- Renewed Commitment to Justice: Following Donald Trump’s electoral victory, the Lawyers of the Left secret Facebook group has accumulated over 188k members. Many of the posts to this group have featured lawyers from all practice areas renewing their commitments to justice. In particular, many mid-career lawyers have expressed a rekindled appreciation for why they went to law school in the first place.
Thanks Dave and best of luck in the new year!
|Jeremy Hessing-Lewis / Senior Digital Advisor
firstname.lastname@example.orgSkunkworks Creative Group Inc.
600 – 55 Water StreetVancouver, BC V6B 1A1
Stephen P. Gallagher
Aging of the legal workforce has finally hit the “proverbial brink wall.” According to a recent Oregon Attorney Assistance Program (OAAP) Retirement Survey, of the 6000 members over 50 who filled out the survey, bar members 60 – 69 represented over half (53%) of survey participants. To add insult to injury, 50% of these respondents report that they are planning on retiring from legal practice in the next five years. The brain-drain is clearly underway.
- In order to continue to attract talent, law firms will have to demonstrate concern for senior partners who need support in moving away from full-time practice. Young lawyers will be watching this very quickly. The worst thing that a firm can do is to do nothing about it.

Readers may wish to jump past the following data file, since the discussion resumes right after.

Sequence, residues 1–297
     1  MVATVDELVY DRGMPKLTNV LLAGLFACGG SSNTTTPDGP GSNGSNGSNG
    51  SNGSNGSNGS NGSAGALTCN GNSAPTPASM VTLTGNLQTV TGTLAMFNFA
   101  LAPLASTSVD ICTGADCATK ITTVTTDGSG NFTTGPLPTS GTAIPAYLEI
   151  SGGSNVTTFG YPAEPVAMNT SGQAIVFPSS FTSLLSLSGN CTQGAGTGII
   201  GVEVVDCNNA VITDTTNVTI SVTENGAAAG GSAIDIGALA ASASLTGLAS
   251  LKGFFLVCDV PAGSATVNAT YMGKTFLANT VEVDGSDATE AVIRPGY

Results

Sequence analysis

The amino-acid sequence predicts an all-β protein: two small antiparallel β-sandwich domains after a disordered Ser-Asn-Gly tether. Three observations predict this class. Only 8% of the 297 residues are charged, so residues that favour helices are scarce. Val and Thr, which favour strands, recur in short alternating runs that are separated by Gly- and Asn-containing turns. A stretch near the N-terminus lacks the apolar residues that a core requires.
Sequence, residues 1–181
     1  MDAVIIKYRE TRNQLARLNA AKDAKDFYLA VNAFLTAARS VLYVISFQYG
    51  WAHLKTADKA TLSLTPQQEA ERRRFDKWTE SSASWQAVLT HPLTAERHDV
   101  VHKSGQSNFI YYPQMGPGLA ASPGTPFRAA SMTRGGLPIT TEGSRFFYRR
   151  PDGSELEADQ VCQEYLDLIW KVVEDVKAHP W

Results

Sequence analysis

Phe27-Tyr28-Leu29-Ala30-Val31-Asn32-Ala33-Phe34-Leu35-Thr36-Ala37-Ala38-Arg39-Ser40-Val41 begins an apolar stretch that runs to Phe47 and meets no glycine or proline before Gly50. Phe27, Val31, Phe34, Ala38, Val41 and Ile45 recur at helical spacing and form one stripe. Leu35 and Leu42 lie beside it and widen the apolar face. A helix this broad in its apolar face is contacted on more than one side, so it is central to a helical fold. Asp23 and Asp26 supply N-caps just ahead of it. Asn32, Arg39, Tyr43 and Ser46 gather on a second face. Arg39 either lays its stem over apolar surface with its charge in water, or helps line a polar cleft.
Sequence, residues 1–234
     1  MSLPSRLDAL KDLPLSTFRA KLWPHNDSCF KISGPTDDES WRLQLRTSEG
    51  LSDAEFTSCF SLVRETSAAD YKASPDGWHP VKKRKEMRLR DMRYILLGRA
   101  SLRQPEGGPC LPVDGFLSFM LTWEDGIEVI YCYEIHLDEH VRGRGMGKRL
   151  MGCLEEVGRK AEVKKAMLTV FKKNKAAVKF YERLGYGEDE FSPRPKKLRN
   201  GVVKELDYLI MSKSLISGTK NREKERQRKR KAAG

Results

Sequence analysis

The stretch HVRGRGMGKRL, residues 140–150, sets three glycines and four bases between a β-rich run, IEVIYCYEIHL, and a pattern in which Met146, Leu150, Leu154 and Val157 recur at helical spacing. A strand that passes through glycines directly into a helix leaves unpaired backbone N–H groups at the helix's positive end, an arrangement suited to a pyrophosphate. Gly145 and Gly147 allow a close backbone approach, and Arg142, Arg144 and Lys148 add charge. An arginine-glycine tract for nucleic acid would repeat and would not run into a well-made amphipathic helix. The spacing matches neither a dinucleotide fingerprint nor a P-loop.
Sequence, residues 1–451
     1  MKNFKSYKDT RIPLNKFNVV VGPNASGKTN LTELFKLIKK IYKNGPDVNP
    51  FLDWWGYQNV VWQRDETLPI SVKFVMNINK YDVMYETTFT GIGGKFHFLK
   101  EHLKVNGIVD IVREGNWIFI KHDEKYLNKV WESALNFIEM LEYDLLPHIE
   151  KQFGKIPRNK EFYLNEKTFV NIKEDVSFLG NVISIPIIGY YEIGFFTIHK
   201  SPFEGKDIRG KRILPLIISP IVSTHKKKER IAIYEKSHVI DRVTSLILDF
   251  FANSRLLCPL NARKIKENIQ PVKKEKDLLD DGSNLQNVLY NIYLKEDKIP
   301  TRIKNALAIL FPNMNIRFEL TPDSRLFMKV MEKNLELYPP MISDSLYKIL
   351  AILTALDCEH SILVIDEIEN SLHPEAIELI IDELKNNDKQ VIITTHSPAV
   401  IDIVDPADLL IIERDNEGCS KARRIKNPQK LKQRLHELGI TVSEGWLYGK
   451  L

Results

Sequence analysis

- In order to continue to attract talent, law firms will have to adopt more flexible career paths for all lawyers that include formal flex-time guarantees for both aging lawyer as well as mid-career lawyers, who may not want to “Die at their Desks”.
Stephen P. Gallagher sees himself as a student of the legal profession. I am a former Director of Law Practice Management for the New York State Bar Association. Currently, I am a Baby-boomer born in 1946, and since I have been working in the legal profession for the past thirty-years, I consider myself a bit of a transition expert. I am an adjunct instructor of marketing at a Jesuit university, and I work with law firms and bar associations, to help get conversations started regarding the Aging of the Legal Marketplace. I have a limited coaching practice built around grandchildren’s schedules. email@example.com